Book review: The Future is Asian – Commerce, Conflict, and Culture in the 21st Century, by Parag Khanna (Simon & Schuster, 2019)
In The Future is Asian, Parag Khanna provides readers with a rollicking ramble through the economy, society, culture, politics, and international relations of Asia, in which he includes Australia, New Zealand, and the Middle East, along with the conventional sub-regions – Central, East, Southeast and South.
The book gushes with facts, stories, and anecdotes at such a pace that this reader was left overwhelmed and exhausted, though also somewhat impressed. Khanna recognises that Asia is greatly diverse, and faces many challenges and problems. At the same time, everything neatly confirms his thesis that the future is Asian, and that the US is increasingly irrelevant to the future of Asia and even the world. Overall, the author’s analysis is simplistic.
The facts, stories, and anecdotes just keep rushing out, and different narratives blend into one Asian soup.
The book’s ten chapters cover an extraordinary panorama of topics such as Asian history, the return of Greater Asia, Asia-nomics, Asia and America, Asian and Europe, Afroeurasia, Asia and Latin America, and Asia Goes Global. Readers looking for Asian country profiles or a clear chronological approach will be disappointed. The facts, stories, and anecdotes just keep rushing out, and different narratives blend into one Asian soup, in which the region’s immense diversity gets lost.
I did find the chapter on Asia’s Technocratic Future interesting. Obviously inspired by Singapore, where he lives, Khanna argues the case for pragmatic, meritocratic technocracy – as opposed to democracy. He believes that Asians are more interested in the superior results of technocracy. While it is hard not to share his concerns about the current problems of democracy, it seems clear that many Asians do value democracy in itself, not just as a process for achieving results. Witness Hong Kong today. Or ask any Indian.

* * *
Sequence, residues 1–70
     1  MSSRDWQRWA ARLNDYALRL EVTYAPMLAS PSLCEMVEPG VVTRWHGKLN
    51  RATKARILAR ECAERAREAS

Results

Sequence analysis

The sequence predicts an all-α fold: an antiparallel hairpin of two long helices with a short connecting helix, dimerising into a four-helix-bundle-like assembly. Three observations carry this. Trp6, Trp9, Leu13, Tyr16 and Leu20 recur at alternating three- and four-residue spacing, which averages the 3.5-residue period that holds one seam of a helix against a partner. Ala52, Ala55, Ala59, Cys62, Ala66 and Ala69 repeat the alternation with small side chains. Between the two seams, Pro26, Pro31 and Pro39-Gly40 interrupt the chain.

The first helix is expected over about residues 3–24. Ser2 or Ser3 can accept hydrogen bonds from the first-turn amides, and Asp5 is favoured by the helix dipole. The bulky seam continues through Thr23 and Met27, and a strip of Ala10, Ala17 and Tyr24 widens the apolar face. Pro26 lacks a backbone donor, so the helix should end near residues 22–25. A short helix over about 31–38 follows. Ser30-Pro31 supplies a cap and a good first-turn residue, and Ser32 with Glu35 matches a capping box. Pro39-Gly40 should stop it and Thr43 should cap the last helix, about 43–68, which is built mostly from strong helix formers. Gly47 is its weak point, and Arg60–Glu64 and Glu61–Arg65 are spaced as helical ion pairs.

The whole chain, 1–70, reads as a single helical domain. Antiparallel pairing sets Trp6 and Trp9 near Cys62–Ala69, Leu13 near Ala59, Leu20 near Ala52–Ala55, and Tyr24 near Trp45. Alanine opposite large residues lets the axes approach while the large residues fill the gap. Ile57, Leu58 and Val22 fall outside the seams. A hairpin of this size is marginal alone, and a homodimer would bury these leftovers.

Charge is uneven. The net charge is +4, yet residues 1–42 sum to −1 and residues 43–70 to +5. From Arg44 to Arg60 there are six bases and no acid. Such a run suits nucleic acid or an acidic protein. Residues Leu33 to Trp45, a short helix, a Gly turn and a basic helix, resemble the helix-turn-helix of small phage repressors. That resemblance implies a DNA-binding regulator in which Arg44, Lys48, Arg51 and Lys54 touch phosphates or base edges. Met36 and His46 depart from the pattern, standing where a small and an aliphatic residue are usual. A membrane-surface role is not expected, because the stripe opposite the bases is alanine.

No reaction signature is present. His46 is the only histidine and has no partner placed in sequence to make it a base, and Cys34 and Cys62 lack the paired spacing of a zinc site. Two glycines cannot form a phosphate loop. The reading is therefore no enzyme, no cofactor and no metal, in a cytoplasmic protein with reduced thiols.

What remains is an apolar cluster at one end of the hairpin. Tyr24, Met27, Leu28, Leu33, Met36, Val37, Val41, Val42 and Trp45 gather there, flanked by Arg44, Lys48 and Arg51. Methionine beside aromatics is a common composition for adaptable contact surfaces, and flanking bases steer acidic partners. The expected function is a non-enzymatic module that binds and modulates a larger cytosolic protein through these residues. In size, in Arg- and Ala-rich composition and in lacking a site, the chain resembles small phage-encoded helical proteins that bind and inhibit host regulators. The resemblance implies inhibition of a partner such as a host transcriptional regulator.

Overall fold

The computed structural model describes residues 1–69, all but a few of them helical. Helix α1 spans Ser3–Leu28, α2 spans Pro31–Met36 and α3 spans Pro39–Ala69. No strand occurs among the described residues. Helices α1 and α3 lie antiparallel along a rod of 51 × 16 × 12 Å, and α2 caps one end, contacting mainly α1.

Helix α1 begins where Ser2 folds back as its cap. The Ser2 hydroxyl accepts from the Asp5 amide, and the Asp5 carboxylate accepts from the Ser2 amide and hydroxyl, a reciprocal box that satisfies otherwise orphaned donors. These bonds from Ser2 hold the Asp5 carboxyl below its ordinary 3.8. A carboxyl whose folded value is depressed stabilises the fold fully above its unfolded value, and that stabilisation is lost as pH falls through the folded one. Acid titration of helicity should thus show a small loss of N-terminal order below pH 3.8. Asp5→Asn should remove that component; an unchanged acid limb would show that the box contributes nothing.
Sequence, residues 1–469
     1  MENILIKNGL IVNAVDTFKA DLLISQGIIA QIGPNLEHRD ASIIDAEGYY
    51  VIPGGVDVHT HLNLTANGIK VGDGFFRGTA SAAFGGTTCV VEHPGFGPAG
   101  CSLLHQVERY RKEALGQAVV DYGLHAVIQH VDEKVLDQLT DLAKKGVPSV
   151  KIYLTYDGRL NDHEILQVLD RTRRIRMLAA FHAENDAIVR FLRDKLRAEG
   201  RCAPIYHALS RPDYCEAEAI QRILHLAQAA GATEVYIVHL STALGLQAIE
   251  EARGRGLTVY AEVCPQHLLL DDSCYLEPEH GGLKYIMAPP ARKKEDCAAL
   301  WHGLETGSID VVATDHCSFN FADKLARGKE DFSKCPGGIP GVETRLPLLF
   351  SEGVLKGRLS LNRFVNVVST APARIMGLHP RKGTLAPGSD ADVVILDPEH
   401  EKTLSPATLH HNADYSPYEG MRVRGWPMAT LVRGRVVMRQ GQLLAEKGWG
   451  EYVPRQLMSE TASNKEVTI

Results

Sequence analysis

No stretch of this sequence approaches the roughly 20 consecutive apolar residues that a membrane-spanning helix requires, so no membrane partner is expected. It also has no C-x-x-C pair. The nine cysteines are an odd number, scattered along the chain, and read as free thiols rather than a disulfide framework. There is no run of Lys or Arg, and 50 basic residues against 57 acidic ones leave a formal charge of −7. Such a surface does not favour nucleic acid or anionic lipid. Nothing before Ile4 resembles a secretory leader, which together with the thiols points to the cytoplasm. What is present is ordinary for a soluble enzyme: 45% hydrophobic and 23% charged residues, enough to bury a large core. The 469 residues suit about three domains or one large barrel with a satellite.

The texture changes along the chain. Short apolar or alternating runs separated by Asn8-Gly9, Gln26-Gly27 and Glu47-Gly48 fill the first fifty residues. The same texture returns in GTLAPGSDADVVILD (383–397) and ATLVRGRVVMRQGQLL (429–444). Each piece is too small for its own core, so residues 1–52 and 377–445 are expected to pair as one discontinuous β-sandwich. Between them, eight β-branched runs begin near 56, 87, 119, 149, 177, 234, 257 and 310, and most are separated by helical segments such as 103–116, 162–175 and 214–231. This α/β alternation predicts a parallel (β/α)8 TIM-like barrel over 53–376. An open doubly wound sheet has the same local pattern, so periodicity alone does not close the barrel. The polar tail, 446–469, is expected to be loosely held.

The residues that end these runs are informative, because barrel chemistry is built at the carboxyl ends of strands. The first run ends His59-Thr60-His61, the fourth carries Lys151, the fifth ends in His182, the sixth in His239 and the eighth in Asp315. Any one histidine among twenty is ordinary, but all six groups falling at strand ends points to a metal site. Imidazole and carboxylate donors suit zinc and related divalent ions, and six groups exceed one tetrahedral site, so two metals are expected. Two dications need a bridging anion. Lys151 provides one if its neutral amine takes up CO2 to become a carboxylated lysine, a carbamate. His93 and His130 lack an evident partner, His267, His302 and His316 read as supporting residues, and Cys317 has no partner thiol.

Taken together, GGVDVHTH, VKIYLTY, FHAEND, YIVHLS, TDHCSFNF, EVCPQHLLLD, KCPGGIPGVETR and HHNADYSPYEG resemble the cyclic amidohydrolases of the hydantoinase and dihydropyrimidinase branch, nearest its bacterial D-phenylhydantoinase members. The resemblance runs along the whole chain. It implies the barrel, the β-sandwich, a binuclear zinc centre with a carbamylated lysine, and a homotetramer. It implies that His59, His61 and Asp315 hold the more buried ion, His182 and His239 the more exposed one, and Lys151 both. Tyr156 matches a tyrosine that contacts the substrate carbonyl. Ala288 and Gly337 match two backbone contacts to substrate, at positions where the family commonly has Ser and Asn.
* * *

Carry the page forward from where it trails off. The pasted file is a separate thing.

The most trying part of the book is the strident and dogmatic opening chapter, “Introduction: Asia First”. Khanna rashly claims, for example, that the cornerstone of an Asian-led world order began in 2017 at the time of China’s Belt and Road Initiative summit. He claims there is a “growing coherence in Asia’s dizzying diversity”. He asserts that “Russians and Aussies should be seen – and see themselves – as white Asians”. He believes that Asia is now remaking the world in its image.
Much of the book is written in a condescending tone. Khanna remarks that his account of Asian history will not be familiar to most readers. He says, “If Australia wants to be more welcome in Asia than the United Kingdom is in Europe, it needs to swallow the hard truth that it is not the center of Asia’s solar system but merely a moon – one made of iron ore.”
Khanna recognises that “most Asians are not going to catch up to Western per capita incomes”. He notes “Asia could be the next epicenter of a global financial crisis”. And yet for Khanna, the future is still Asian.
Apparently unaware of Asia’s disastrous environment, he writes “Asia’s spiritual revival has been an ecological motivator across the region”.
If you would like to be drenched in a shower of micro-information about recent developments in Asia, buy this book and fasten your seatbelt.